I don't know what is the best way to structure the projects, but I do know some of the mistakes that you might make. So let me at least explain some of those, and we'll see if you can avoid them.

The most common mistake is to try something too ambitious. Using reinforcement learning algorithms is actually a bit more difficult than it probably seems at this point. There are parameters, and there are many issues in the setup of a problem, in the choice of reward, and there are many many issues in representations and choice of state space. The importance of all these things is understated in the book, and is thus probably not very apparent. Perhaps because of this, a common mistake is to start a project that is too ambitious, that addresses some large problem involving many AI issues. In this case, the project is unlikely to have a successful outcome in the available time.

To deal with the risk of this mistake, I have urged you to think of the first project in particular as a simple one, to be done quickly. Further, you may want to think of the first project is being an application or illustration of what we have learned about in class and in the book, whereas the second project you might want to think of as going beyond that to have just a little bit of research content. (learning to do research is one of the main things you have to do in graduate school.) So, a good choice for first project could be something like just writing an agent for mountain-car, or Acrobot, say using function approximation with tile coating. That would be conceptually straightforward and would start giving some experience. In the past have assigned exactly that (mountain car w/tile coding) as a project and viewed it as the final successful achievement of the course. So getting that far should not be viewed as a small thing. It would be a good outcome. (And in the second project, we should only be trying to go a little bit farther.) Another nice thing about a very straightforward project like that is it would be easy for me to understand your results. It'll make your write up almost trivial to write, and for me to read. Thinking a little more generally, you might take any problem from the RL library, or RL competition, describe and implement an experiment with it, and that could be your first project.  There are also simple things to do with the critterbot log files.  for example, you could take one or a few of the signals and treat it as the reward.  then you could use the others to try to predict it at various time scales (that is, for various values of gamma).  this would illustrate learning with TD(lambda).  then you could compare performance with MC or for various values of lambda.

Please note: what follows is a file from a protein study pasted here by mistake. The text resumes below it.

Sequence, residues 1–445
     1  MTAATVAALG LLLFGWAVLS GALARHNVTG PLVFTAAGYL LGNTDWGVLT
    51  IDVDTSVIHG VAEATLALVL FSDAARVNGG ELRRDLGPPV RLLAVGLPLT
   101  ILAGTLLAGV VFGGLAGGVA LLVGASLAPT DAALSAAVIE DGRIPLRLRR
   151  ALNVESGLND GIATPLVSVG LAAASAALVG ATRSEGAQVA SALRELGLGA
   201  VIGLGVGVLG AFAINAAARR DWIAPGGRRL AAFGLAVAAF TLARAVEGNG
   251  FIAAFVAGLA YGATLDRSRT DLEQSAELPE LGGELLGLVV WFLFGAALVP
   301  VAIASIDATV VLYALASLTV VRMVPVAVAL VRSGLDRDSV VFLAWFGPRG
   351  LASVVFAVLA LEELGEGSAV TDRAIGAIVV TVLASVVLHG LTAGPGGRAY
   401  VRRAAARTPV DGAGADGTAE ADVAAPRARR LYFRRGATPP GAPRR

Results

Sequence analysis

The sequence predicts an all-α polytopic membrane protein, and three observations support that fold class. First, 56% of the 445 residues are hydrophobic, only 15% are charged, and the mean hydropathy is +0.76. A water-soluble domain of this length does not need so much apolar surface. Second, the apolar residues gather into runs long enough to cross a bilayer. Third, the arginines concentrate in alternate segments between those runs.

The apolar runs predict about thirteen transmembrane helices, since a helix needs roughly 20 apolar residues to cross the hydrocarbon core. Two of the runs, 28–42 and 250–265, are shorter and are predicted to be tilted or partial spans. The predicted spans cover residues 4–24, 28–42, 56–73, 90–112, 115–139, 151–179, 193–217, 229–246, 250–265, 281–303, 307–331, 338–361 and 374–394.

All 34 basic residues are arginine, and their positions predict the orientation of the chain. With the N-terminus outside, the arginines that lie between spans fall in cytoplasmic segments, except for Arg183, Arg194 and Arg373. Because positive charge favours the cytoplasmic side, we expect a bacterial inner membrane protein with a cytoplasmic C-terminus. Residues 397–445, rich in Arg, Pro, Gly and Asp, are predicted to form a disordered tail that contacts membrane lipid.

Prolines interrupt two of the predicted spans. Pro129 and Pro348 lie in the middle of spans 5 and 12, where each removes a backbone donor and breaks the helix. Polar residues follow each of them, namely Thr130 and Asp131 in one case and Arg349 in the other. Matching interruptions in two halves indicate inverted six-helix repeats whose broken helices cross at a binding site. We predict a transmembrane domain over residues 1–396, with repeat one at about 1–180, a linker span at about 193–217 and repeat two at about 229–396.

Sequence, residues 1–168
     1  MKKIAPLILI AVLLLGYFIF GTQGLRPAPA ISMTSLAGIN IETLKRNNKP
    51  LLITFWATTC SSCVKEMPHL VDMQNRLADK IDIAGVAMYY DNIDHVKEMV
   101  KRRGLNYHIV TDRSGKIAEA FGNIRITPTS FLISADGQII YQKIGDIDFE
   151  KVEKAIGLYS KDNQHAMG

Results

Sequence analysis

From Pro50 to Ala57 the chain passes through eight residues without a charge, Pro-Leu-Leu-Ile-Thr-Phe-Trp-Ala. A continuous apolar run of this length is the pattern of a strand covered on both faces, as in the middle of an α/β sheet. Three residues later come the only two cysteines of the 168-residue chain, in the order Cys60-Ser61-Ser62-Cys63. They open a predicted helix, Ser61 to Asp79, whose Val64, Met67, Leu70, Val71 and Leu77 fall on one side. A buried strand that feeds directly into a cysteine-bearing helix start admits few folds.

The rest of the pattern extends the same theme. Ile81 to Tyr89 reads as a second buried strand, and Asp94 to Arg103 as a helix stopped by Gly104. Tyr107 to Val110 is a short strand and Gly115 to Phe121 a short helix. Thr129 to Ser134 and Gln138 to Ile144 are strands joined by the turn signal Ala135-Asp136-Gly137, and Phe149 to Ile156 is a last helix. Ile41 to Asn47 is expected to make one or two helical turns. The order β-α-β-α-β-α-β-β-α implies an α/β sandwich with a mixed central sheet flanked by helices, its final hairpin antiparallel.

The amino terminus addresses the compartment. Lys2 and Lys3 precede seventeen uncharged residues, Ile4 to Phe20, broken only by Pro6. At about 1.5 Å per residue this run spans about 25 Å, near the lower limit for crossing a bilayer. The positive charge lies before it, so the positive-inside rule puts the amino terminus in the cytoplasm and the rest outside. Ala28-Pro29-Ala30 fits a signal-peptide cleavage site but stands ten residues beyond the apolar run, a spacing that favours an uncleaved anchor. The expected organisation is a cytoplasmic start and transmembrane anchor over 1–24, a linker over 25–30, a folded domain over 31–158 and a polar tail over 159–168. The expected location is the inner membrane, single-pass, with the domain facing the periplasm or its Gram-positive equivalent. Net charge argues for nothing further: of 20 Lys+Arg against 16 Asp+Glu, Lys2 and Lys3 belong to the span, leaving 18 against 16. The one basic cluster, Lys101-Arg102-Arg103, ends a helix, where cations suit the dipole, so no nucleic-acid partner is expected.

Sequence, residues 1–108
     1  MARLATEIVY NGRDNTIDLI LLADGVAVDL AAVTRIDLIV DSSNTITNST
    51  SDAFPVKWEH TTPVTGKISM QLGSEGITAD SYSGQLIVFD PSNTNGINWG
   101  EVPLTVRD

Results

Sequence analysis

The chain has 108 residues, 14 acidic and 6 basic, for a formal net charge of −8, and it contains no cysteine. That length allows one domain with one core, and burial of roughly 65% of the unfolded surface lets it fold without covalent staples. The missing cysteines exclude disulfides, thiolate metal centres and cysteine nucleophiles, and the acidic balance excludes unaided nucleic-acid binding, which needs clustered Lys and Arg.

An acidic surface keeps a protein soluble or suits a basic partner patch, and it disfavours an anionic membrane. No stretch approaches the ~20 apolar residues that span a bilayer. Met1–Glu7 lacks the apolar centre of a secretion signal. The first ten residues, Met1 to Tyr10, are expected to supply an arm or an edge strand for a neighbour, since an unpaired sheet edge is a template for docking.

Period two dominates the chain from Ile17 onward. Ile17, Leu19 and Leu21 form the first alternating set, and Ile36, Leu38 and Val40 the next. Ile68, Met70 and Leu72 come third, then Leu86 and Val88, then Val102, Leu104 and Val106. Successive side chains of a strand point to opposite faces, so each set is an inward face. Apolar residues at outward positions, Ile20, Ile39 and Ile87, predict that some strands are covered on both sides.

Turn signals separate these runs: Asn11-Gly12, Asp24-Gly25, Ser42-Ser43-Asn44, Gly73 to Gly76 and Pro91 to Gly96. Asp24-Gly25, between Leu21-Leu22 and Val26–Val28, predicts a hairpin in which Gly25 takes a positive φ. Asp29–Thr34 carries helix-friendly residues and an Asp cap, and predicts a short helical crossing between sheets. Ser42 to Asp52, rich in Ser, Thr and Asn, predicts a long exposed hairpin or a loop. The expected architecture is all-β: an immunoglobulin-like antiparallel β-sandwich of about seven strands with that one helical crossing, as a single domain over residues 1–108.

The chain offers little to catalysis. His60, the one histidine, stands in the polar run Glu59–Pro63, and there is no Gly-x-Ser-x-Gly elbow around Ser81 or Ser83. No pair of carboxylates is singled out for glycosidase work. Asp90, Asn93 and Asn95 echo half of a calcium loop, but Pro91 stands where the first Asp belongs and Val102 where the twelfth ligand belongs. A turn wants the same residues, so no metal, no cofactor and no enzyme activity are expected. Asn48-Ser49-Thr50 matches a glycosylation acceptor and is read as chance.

The main thing I'm looking for in the first project is to see you implement a reinforcement learning algorithm, and actually try it and get it to work on a problem. You could find versions of the algorithms on the web and in the library, but I'd like to see that you understand enough to write your own agent, or at least be able to modify an existing agent. So if you do work with something that you found, it would be good if you modified it somewhat, perhaps by changing from one algorithm to another, say from Q-learning to sarsa, or to a different kind of exploration. One exception is tile coding. It would be okay to reimplement a variation of top coating, but probably it would be better to use the existing code, and show me that you know enough to use it effectively, which is itself a valuable skill.  it is easy to under-estimate how much skill and experience you need to use tile-coding up to its full powers.